It is impossible to assess what happened in Jenin without a clear understanding of what is involved in urban warfare. This kind of combat differs sharply from other forms of fighting, and in most ways works to the disadvantage of the invading army. George Mordica II, senior analyst with the United States Army’s Center for Army Lessons Learned at Fort Leavenworth, understood as much when he entitled an article on the subject, “It’s a Dirty Business, But Somebody Has to Do It.”9 Urban combat, explains Mordica, forces an army to deal with a large number of extremely complicated problems, and is therefore best avoided whenever possible. “In earlier times, laying siege to a city and then taking it was the objective. Since World War II and the refinement of maneuver warfare, cities have become a restricted area that is more easily bypassed or reduced than taken.”10 Indeed, attacking a city is always “a dirty business,” one that can result in heavy losses to even the strongest and most technologically advanced military force.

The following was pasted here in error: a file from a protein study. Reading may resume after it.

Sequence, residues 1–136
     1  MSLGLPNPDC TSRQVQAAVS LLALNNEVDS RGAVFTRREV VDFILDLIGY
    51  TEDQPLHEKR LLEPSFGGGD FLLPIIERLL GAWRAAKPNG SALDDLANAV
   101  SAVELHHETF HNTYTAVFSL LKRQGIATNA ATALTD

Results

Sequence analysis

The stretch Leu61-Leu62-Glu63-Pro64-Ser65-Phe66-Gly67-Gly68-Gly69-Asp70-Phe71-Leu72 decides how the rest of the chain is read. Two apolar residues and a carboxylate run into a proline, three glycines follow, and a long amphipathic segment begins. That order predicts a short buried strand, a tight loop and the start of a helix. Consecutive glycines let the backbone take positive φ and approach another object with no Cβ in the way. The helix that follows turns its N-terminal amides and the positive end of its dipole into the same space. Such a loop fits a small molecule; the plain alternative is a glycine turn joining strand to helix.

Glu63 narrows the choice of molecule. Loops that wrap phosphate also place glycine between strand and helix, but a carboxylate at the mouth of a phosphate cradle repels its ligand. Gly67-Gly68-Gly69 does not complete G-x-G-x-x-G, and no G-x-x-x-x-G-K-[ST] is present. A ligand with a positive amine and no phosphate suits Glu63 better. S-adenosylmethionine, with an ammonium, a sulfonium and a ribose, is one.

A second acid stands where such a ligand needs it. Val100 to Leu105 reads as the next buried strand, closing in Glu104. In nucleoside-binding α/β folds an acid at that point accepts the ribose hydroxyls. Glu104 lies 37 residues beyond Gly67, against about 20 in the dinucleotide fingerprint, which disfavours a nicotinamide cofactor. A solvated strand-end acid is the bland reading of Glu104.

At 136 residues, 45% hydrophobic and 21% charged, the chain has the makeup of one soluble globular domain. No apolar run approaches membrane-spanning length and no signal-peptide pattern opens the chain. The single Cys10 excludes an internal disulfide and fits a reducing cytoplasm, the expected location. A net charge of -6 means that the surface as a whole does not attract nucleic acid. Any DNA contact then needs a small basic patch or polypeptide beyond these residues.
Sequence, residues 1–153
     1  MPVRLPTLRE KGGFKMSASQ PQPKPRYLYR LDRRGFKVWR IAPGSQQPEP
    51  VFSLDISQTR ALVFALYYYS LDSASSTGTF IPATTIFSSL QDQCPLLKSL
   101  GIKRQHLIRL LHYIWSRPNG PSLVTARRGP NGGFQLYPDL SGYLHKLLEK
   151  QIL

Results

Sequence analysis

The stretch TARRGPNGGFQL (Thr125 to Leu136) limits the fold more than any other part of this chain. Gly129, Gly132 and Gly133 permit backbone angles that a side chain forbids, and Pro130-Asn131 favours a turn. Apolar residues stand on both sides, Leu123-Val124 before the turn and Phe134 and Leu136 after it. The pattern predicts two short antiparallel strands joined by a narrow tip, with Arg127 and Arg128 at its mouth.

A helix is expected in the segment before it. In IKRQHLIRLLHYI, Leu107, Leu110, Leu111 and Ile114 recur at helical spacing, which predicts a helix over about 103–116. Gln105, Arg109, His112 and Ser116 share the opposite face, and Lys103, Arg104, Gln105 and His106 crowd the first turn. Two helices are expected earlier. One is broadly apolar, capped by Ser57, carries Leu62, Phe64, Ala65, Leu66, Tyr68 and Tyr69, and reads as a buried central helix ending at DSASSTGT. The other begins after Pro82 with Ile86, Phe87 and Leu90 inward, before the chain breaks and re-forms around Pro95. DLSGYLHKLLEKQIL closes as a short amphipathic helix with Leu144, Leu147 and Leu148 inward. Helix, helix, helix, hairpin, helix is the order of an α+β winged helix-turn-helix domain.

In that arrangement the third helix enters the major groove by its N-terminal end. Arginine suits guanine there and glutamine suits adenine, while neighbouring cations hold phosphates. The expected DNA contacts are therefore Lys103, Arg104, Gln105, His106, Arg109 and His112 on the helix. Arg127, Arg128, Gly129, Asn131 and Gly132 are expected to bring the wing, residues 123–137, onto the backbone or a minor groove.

The first problem is the uncertainty of combat conditions. Intelligence is incomplete at best. Even sophisticated tools, such as pilotless drones and satellites, are of limited use when the fighting takes place on city streets, since buildings and ruins serve as cover for enemy fighters. Any army advancing through a residential area must anticipate enemy snipers lurking behind every window, wall, or pile of rubble. Every house is a potential deathtrap.
Urban conditions, moreover, complicate every aspect of command and control. Combat takes place on two or three levels simultaneously: Above ground (in and on top of buildings), at ground level, and even below ground (in tunnels and sewers). And while coordination becomes that much more difficult, the cost of mistakes goes up dramatically, since they are much more likely to result in friendly-fire casualties.11 In addition, fighting takes place in streets and alleys at close range—normally less than fifty yards—making it difficult for invading forces to identify and react quickly to an armed threat.12